Tuesday Nights

Posted on January 19, 2014


Every Tuesday evening a group of Christian men and women enter the Tuscaloosa County Jail to minister to the inmates. The ladies go to the women’s cell blocks and the men to the men’s.

They aren’t really “blocks,” but large dorm-like spaces. Some, on the “metro” side are equipped with pretty much open sleeping arrangements–bunk beds arrayed along the walls, and some semi-private bathroom arrangements. On the other side of the jail, the county side, each large dorm room has ten separate rooms, with a door for security.

All rooms are under constant surveillance by video cameras, and privacy is almost non-existent.

Everyone is dressed the same jail garb, loose fitting white shirts and pants, flip flops, although the “trustees,” those chosen for good behavior and dependability, wear orange.

Virtually everyone arrested in Tuscaloosa County ends up in here, for as little as a few hours to years sometimes. Maybe someone mouthed off to a police officer or ran a few too many red lights. They can be out in hours, or days. Some accused of murder, drug dealing, or robberies may be in for months and sometimes years awaiting trial.

Some can pay a bail bond and avoid the Tuscaloosa County Jail, and then others can’t afford a bond or perhaps a very successful attorney.

On the other hand, the men and women who go into the jail to share the word of God are a mixture of pastors and laymen, some with congregations, some deacons and elders in their churches, from a wide spectrum of Christianity–Catholics, Baptists, Non-Denominational, Methodists, an eclectic assortment united by their devotion to share Jesus Christ with the prisoners. I’ve met them all.

I started going in around 2000 when Carlton McDaniel, one of the faithful “old timers” in the ministry asked me if I could come in with him to minister to a Mexican who had received Jesus, but spoke little or no English.

I speak Spanish fluently thanks to my mother being Chilean and growing up in South America. I agreed and have been going on Tuesday nights ever since.

“Treat a man as he is,” wrote Ralph Waldo Emerson, “and he will remain as he is. Treat a man as he could be, and he will become what he should be.” Or, as Jeremiah (29:11) observed, “For I know the plansI have for you,” declares the Lord, “plans to prosperyou and not to harm you, plans to give you hope and a future.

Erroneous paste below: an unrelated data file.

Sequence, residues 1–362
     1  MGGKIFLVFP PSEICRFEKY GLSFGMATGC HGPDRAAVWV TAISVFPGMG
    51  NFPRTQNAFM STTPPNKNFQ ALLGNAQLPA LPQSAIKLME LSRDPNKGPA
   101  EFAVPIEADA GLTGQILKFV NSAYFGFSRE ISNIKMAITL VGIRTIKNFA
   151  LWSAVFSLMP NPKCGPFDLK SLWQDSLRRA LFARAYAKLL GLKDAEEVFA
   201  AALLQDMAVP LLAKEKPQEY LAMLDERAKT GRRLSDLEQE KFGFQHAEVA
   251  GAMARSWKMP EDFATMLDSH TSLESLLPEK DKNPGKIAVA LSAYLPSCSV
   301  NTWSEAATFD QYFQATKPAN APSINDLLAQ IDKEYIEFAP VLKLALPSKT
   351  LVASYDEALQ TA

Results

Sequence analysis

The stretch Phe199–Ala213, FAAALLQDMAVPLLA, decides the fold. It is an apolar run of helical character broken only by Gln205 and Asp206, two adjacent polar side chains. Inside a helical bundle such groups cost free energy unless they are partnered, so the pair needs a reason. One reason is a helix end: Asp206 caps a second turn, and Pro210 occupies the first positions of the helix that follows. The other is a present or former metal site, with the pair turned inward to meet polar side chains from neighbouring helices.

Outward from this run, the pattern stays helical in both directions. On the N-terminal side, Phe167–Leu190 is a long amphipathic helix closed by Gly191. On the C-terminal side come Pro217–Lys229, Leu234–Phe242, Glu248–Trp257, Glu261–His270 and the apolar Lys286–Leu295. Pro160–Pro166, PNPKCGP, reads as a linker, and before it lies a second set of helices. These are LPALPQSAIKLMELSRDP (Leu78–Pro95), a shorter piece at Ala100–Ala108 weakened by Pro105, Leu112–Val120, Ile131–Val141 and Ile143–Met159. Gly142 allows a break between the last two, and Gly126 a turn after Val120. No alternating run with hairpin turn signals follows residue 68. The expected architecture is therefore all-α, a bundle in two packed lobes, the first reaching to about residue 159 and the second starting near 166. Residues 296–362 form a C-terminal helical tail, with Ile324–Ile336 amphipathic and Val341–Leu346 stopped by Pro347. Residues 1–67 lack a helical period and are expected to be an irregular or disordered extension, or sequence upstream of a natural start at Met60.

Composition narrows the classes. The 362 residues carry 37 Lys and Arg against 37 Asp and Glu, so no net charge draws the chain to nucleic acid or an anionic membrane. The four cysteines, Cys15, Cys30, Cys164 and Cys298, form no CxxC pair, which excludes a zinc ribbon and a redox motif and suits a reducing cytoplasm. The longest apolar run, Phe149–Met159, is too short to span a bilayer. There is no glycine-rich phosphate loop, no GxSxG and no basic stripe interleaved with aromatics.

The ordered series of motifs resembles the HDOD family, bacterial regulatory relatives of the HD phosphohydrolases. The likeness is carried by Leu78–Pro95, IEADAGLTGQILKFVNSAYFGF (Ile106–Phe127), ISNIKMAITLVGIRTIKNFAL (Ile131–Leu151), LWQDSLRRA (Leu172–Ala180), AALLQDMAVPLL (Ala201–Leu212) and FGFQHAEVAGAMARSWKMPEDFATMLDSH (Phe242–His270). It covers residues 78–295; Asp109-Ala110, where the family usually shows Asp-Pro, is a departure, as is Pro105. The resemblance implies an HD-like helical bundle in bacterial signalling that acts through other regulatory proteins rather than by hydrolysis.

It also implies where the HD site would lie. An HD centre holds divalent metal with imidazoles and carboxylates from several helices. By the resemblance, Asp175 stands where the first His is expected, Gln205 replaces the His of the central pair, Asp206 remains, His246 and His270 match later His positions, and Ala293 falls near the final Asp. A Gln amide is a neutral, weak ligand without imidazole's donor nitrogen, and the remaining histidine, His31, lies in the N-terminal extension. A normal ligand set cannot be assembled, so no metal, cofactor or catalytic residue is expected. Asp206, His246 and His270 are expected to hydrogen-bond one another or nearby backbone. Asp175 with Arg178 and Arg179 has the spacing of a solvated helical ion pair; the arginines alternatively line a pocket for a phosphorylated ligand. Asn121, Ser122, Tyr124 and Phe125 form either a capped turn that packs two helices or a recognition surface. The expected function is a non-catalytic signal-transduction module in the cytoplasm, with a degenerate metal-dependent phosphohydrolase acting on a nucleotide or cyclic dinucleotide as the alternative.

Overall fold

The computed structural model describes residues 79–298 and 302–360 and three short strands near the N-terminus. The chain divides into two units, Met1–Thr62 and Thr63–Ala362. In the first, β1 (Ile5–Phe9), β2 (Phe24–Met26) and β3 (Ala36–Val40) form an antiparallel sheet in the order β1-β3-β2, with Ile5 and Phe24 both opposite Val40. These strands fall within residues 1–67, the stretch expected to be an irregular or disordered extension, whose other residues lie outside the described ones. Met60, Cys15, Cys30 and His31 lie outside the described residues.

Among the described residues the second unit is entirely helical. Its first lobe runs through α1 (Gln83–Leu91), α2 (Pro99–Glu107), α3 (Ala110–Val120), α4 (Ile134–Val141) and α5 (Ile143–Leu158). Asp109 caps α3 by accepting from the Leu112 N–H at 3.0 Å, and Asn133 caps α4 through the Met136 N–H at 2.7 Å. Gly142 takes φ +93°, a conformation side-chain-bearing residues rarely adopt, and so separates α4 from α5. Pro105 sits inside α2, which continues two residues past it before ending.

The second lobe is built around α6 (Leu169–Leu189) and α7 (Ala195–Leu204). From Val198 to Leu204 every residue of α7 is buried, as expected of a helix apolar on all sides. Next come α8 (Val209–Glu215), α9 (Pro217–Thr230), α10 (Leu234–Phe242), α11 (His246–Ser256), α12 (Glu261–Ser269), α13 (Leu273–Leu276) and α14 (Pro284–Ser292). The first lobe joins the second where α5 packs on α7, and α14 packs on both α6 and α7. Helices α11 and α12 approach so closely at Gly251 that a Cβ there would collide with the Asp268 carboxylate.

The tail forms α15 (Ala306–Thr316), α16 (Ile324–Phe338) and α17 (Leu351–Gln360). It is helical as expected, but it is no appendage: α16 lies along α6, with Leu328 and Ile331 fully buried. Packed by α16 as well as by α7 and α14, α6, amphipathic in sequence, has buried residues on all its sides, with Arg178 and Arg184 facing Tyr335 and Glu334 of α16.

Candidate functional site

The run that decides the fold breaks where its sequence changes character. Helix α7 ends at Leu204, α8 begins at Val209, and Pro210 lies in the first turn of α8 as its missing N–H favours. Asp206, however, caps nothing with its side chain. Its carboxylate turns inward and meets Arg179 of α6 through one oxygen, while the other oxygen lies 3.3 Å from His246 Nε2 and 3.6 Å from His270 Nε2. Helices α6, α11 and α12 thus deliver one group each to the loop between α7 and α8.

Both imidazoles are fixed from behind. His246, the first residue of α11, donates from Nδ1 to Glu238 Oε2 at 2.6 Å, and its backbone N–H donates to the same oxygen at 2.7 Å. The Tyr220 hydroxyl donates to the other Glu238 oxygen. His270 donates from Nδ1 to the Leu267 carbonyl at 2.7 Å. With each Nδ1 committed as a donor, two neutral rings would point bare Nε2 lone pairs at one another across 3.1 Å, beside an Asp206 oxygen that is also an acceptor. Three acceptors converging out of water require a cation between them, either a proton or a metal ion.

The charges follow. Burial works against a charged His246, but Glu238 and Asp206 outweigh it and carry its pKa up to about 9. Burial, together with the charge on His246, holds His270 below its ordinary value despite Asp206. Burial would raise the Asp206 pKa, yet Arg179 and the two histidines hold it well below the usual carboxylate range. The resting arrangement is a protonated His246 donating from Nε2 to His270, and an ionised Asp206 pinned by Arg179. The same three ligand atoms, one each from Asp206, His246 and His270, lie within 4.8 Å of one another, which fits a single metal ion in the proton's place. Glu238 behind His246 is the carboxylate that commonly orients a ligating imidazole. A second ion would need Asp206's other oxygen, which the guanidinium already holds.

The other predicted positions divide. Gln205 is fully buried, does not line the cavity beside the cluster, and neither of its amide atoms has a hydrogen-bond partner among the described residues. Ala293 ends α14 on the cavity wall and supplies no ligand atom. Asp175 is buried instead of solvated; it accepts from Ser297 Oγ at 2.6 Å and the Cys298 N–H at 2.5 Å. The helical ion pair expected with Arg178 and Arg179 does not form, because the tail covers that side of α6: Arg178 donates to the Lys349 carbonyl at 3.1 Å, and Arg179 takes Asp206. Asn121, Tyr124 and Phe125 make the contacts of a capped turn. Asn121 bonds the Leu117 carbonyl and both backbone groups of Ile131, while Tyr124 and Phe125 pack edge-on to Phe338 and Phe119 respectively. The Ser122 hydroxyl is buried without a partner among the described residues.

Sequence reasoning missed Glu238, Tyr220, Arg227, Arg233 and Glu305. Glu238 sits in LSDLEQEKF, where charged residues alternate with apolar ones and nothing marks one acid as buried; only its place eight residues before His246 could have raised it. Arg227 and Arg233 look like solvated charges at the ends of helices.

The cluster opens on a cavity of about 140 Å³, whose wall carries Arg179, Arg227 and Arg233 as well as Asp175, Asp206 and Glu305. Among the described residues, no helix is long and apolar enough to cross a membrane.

I almost always tell them at some point in my message, “I don’t care where you came from or how you got here. I’m interested in where you’re going.”

I am not a preacher, but a teacher. But I can get wound up, anointed by the Holy Spirit my wife says, and one night I finished a hot sermon. I stopped, everyone was silent.

I asked, “Does anybody have any questions, any concerns?” thinking, perhaps, a question on salvation or forgiveness would pop up. After a few seconds of silence, one raised his hand.

“Yes?” I asked.

“Where did you get those shoes?”

My shoes? My shoes? He’s asking me about my shoes, not about this brilliant exegesis of salvation?

I was speechless, and said something inane, looking down at my shoes, “uh, my wife bought them,” and left the cell block, brought down to earth where I belonged.

New shoes or old shoes, we are all fulfilling a piece of Scripture we know well, Matthew 25: 35-46. “For I was hungry and you gave me something to eat, I was thirsty and you gave me something to drink, I was a stranger and you invited me in, I needed clothes and you clothed me, I was sick and you looked after me,I was in prison and you came to visit me.’

 “Then the righteous will answer him, ‘Lord, when did we see you hungry and feed you, or thirsty and give you something to drink? When did we see you a stranger and invite you in, or needing clothes and clothe you? When did we see you sick or in prison and go to visit you?’  The King will reply, ‘Truly I tell you, whatever you did for one of the least of these brothers and sisters of mine, you did for me.’”

If you are interested in knowing more about the Tuscaloosa County Jail Ministry, just send me an email and I’ll put you in touch with the right people. You don’t need any formal credentials to join us other than a routine background check by the Sheriff’s office which can be arranged. Other than bringing hope to those who need it, you may also discover much about yourself, and your own faith. That’s the bonus.

 This column published in my blog The Port Rail as Joining the Tuesday Night Congregation in The Tuscaloosa News, Sunday, Jan. 19, 2014.